MAGNABEND - CIRCUIT OPERATION
The Magnabend sheetmetal folder is designed as a DC clamping electromagnet.
The simplest circuit required to drive the electro-magnetic coil consists of a switch and a bridge rectifier only:
Figure 1: Minimal Circuit:
It is to be noted that the ON/OFF switch is connected on the AC side of the circuit. This allows the inductive coil current to circulate through the diodes in the bridge rectifier following turn-off until the current decays exponentially to zero.
(The diodes in the bridge are acting as "fly-back" diodes).
For safer and more convenient operation it is desirable to have a circuit which provides a 2-handed interlock and also 2-stage clamping. The 2-handed interlock helps to ensure that fingers cannot be caught under the clampbar and the staged clamping gives a softer start and also allows one hand to hold things in place until the pre-clamping is activated.
Figure 2: Circuit with Interlock and 2-Stage Clamping:
When the START button is pressed a small voltage is supplied to the magnet coil via the AC capacitor thus producing a light clamping effect. This reactive method of limiting the current to the coil involves no significant power dissipation in the limiting device (the capacitor).
Full clamping is obtained when both the Bending Beam-operated switch and the START button are operated together.
Typically the START button would be pushed first (with the left hand) and then the handle of the bending beam would be pulled with the other hand. Full clamping will not occur unless there is some overlap in the operation of the 2 switches. However once full clamping is established it is not necessary to keep holding the START button.
A small but significant problem with the Magnabend machine, as with most electro-magnets, is the problem of residual magnetism. This is the small amount of magnetism that remains after the magnet is turned OFF. It causes the clamp-bars to remain weakly clamped to the magnet body thus making removal of the workpiece difficult.
Use of magnetically soft iron is one of many possible approaches to overcoming residual magnetism.
However this material is hard to obtain in stock sizes and also it is physically soft which means that it would be easily damaged in a bending machine.
The inclusion of a non-magnetic gap in the magnetic circuit is perhaps the simplest way to reduce remnant magnetism. This method is effective and is fairly easy to achieve in a fabricated magnet body - just incorporate a piece of cardboard or aluminium about 0.2mm thick between say the front pole and the core piece before bolting the magnet parts together. The main drawback of this method is that the non-magnetic gap does reduce the flux available for full clamping. Also it is not straight forward to incorporate the gap in a one-piece magnet body as used for the E-type magnet design.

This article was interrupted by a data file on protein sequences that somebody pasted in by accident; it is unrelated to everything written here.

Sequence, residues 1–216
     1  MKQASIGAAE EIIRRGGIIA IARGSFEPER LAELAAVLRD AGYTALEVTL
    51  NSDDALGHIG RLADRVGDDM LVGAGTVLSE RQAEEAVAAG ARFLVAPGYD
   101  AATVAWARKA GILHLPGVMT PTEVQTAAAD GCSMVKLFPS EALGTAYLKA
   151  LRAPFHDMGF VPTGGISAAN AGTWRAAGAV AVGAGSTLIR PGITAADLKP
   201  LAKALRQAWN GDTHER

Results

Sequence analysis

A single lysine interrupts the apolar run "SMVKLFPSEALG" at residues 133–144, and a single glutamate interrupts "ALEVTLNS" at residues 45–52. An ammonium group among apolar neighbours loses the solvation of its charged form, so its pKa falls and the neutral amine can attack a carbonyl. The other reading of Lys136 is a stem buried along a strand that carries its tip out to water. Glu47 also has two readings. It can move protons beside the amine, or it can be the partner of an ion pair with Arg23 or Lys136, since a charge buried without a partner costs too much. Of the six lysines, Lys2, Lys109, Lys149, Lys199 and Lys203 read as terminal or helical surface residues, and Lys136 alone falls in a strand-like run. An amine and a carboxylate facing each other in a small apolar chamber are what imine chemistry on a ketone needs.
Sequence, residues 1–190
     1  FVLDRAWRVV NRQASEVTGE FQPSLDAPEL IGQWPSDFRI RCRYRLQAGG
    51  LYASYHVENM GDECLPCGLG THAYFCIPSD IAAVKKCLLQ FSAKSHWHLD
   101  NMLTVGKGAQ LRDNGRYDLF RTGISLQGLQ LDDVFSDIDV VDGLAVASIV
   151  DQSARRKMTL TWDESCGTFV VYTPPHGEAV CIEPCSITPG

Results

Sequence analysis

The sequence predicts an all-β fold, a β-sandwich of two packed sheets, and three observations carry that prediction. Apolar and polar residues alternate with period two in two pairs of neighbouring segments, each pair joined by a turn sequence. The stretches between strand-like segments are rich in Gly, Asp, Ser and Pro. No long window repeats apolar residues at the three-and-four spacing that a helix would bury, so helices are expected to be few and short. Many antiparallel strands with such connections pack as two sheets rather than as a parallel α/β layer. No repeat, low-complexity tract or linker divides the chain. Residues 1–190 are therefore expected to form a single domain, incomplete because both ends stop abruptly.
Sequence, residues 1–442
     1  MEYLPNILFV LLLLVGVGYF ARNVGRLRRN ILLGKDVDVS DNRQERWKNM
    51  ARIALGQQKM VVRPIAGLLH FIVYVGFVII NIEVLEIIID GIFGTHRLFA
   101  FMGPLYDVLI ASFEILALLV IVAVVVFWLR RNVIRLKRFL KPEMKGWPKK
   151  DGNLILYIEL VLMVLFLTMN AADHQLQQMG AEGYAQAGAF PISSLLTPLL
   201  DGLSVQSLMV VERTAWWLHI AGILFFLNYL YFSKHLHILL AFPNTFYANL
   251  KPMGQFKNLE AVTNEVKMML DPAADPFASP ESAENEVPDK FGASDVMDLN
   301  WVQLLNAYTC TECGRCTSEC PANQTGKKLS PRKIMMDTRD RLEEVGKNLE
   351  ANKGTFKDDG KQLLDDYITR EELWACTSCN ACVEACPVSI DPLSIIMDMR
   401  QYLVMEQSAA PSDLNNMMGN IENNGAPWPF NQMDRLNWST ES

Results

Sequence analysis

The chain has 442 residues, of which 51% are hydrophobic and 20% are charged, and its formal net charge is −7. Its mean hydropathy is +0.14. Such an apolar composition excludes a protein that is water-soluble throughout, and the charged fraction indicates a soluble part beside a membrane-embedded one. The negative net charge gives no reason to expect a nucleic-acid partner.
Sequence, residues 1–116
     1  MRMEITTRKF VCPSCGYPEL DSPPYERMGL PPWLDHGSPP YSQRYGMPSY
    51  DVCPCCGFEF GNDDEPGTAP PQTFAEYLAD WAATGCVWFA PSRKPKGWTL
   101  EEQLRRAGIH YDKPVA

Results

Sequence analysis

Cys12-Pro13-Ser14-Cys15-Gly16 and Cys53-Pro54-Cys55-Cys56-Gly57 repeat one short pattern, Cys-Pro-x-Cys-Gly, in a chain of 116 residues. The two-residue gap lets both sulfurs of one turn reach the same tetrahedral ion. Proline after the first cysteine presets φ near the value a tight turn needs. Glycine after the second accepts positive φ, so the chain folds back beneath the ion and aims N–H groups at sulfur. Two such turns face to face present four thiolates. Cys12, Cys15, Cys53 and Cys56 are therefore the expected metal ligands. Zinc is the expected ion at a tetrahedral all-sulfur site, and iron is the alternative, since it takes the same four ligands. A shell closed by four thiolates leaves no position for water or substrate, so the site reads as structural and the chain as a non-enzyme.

A reverse bias field, produced by an auxiliary coil, is also an effective method. But it involves unwarranted extra complexity in the manufacture of the coil and also in the control circuitry, although it was used briefly in an early Magnabend design.
A decaying oscillation ("ringing") is conceptually a very good method for demagnetising.
These oscilloscope photos depict the voltage (top trace) and current (bottom trace) in a Magnabend coil with a suitable capacitor connected across it to make it self oscillate. (The AC supply has been turned off approximately in the middle of the picture).
The first picture is for an open magnetic circuit, that is with no clampbar on the magnet. The second picture is for a closed magnetic circuit, that is with a full length clampbar on the magnet.
In the first picture the voltage exhibits decaying oscillation (ringing) and so does the current (lower trace), but in the second picture the voltage does not oscillate and the current does not even manage to reverse at all. This means that there would be no oscillation of the magnetic flux and hence no cancellation of residual magnetism.